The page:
Mining, thermodynamics, and oceans!

The second half of first week was spent learning more about thermodynamics, the lab work necessary for analyzing samples, the future of mining, and the details of ocean chemistry.

Steve Weaver teaches the class about the ICP.

On Wednesday, we enjoyed a talk given by Leigh Freeman titled, “Careers: Make a Difference in Mining”. Mr. Freeman spoke about the importance of mining and its future, focusing on shifting societal values about mining. While this talk focused on mining and geology, we also got a quick lesson in philosophy.


To begin class on Thursday, we reviewed what we’ve learned so far about thermodynamics and introduced new concepts like entropy, gibbs free energy, and chemical potential. This included lots of math and derivation of equations!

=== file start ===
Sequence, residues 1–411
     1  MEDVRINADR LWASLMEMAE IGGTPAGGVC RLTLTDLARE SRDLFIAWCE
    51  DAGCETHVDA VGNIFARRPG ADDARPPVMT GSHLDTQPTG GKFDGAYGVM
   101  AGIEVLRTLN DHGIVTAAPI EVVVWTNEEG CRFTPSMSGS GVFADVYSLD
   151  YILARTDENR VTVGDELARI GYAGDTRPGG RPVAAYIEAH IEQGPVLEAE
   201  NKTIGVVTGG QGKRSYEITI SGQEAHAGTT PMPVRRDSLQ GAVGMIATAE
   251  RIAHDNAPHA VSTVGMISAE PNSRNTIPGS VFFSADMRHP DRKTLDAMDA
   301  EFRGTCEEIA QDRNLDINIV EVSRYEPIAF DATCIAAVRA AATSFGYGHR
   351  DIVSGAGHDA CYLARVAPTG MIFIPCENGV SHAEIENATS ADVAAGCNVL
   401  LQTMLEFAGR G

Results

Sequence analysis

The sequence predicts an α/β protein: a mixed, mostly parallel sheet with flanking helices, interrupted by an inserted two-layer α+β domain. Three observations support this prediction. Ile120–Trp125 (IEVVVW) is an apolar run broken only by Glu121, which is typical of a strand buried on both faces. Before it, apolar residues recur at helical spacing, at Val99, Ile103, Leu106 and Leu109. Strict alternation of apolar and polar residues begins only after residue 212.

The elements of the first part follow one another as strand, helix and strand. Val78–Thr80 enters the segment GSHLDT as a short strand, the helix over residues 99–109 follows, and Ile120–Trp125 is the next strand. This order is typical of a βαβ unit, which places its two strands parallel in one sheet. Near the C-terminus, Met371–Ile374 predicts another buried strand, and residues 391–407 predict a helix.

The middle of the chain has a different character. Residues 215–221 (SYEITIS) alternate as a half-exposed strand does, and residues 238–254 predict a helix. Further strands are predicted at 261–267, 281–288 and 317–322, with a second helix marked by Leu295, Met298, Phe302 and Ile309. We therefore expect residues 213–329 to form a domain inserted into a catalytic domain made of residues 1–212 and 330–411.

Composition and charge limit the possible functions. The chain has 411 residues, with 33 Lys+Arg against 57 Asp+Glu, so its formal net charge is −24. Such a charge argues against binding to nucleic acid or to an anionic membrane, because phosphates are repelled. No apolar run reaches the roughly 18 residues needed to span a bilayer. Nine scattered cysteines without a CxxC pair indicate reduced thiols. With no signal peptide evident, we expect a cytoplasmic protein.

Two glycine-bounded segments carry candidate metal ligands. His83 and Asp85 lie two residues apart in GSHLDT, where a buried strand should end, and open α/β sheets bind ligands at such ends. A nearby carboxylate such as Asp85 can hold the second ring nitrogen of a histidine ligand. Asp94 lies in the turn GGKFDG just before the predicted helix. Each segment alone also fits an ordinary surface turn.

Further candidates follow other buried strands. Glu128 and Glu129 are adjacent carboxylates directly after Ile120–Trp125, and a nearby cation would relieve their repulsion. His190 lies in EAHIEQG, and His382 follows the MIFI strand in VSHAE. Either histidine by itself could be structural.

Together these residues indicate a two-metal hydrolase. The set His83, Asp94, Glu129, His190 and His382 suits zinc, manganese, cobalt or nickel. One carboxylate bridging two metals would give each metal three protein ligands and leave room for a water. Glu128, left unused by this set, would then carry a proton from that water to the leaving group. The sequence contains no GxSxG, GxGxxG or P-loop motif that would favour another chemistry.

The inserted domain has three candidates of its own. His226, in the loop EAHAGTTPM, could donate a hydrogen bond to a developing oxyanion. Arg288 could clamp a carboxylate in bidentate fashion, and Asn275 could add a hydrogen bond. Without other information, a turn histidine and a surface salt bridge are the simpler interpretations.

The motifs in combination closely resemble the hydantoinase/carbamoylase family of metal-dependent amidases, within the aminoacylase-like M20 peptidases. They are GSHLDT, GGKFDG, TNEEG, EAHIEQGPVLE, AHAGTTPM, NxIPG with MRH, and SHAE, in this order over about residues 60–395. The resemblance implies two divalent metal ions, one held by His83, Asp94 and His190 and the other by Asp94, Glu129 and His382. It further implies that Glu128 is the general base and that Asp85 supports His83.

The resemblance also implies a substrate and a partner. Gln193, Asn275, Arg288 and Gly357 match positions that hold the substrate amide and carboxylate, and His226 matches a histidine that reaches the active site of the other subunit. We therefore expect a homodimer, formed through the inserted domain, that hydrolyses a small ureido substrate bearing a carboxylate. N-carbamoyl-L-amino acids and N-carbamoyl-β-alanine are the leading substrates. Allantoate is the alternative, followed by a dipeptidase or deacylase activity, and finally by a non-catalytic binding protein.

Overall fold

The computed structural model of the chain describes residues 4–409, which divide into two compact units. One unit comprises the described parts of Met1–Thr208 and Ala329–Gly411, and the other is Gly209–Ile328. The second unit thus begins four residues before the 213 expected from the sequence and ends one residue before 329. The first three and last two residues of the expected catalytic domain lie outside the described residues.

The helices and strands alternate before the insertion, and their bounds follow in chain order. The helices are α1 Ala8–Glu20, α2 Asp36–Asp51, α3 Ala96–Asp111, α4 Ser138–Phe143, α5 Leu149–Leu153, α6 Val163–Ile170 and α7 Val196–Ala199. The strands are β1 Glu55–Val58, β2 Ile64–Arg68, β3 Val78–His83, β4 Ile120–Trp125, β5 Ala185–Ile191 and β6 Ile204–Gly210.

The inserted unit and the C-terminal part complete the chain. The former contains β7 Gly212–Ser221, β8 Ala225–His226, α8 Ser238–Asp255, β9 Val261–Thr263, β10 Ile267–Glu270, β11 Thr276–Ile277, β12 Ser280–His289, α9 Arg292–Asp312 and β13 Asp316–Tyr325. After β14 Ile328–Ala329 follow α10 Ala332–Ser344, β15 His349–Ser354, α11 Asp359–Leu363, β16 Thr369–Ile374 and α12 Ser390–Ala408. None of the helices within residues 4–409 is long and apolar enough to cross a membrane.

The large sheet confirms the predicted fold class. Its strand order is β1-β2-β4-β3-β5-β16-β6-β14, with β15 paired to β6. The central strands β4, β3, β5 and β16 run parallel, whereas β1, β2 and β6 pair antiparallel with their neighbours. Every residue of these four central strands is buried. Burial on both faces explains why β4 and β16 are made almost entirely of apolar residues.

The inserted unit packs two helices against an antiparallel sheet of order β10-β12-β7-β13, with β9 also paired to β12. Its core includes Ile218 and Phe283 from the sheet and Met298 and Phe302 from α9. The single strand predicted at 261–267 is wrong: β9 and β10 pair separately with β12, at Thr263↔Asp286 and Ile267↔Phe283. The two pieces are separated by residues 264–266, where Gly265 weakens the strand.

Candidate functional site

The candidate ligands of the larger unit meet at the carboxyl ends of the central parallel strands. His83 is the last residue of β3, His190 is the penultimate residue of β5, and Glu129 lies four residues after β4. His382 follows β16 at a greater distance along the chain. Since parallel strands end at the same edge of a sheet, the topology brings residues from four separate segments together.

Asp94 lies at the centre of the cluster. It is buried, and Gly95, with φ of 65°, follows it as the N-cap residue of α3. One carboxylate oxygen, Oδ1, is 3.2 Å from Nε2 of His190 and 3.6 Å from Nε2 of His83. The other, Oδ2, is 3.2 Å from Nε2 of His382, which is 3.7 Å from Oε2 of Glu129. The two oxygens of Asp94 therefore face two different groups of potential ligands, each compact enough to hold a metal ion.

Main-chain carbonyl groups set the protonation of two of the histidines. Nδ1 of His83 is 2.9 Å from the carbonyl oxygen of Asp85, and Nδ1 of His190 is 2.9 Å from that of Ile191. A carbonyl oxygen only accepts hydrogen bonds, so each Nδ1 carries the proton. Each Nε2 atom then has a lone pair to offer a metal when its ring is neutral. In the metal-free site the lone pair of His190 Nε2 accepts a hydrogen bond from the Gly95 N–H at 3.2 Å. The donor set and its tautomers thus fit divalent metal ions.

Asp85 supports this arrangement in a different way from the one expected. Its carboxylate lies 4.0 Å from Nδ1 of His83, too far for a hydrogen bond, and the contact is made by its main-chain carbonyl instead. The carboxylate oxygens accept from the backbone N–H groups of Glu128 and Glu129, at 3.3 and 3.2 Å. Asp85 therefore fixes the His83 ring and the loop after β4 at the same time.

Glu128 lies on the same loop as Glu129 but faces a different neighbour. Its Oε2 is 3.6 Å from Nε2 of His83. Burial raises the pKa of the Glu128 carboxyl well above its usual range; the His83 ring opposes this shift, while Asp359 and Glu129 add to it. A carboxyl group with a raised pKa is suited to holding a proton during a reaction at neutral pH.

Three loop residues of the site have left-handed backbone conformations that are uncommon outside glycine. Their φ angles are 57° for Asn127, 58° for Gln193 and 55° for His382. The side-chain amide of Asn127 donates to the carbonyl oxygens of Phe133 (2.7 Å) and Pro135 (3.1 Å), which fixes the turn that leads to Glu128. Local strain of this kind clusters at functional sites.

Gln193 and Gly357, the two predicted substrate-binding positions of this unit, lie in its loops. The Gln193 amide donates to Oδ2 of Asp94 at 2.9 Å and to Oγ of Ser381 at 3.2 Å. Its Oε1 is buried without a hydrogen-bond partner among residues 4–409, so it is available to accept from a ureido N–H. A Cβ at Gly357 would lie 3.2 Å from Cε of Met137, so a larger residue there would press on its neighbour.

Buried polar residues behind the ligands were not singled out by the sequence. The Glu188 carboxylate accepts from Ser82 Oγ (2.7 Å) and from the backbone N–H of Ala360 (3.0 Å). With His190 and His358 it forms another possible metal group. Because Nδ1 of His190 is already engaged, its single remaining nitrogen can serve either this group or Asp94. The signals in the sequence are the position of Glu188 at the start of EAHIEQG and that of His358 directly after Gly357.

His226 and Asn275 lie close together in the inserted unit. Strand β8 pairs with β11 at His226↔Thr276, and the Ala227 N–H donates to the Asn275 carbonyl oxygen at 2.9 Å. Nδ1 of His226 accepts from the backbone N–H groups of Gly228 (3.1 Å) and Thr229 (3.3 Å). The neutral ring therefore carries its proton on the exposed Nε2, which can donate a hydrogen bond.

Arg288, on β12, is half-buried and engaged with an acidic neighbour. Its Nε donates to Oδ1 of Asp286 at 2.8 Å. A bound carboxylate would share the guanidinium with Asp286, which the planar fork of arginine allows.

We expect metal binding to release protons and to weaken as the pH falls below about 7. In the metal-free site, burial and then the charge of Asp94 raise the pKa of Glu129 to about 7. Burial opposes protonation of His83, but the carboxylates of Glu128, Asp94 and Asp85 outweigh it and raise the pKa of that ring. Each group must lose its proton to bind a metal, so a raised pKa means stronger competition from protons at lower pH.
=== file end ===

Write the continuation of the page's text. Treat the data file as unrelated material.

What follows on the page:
Friday was spent delving into ocean chemistry. Understanding ocean chemistry can tell you anything from paleotemperatures to life evolution. When you jump into the ocean, do you every wonder why it tastes salty? How did it get that way? The salts in the ocean come from chemical weathering of the Earth’s crust. This is from river flux and hydrothermal vents. The source of the salts can be traced using isotope ratios. After discussing the acidity of the ocean, we took a break for lunch.


The afternoon portion of the class was spent stopping at different outcrops in Manitou and Colorado Springs and collecting samples. Next week we will prep the samples for XRF analysis. This will be used to study ancient ocean chemistry.

Published by Helen

Hi, my name is Helen Carter. I am a Junior and a geology major at Colorado College.

One reply on “Mining, thermodynamics, and oceans!”

  1. How great you get to learn this, and thanks for the interesting read. I hope you share what you found from sampling in Manitou.

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